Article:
By Sterling C. Beard - 08/24/12 10:17 PM EDT
A Marine Lt. General admitted last week that the U.S. military has been using cyberwarfare in Afghanistan, The Associated Press reports.
At the TechNet Land Forces East conference in Baltimore on Aug. 15, Marine Lt. Gen. Richard P. Mills, commanding general of Marine Corps Forces Cyberspace Command and former leader of international forces in southwestern Afghanistan, stated that his forces had successfully been using cyber warfare against their foes.
“I can tell you that as a commander in Afghanistan in the year 2010, I was able to use my cyber operations against my adversary with great impact,” Mills said.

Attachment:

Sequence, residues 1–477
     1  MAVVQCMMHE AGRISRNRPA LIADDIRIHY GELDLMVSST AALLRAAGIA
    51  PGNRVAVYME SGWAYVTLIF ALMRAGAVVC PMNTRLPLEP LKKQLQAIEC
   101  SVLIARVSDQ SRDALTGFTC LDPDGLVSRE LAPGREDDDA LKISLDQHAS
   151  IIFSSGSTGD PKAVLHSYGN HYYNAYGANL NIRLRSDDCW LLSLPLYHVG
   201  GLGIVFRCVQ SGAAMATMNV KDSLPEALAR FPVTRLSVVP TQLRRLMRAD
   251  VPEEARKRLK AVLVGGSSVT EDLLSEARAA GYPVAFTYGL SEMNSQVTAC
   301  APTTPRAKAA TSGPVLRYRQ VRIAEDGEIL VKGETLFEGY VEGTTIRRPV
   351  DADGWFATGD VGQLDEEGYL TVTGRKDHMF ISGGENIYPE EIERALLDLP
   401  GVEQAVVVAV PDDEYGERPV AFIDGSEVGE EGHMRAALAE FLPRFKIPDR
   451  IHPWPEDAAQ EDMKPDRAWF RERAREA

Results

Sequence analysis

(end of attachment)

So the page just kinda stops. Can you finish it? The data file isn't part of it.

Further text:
“I was able to get inside his nets, infect his command-and-control, and in fact defend myself against his almost constant incursions to get inside my wire, to affect my operations,” he went on to say.
He did not elaborate further. His words only gained broader attention once conference organizers posted video of his talk online.
The military and intelligence communities in the United States have been tight-lipped about their cyberwarfare capabilities for years, though the use of cyberweapons by the United States was generally considered an open secret.
Still, Mills’s boasting of its use in the field came as a surprise to experts. Speculation has long swirled that the United States was behind a number of high-profile virus attacks during the past few years, such as the Stuxnet virus, which was designed to attack the Iranian nuclear program, and the more recent Gauss virus, which appeared tailored to attack financial institutions in the Middle East.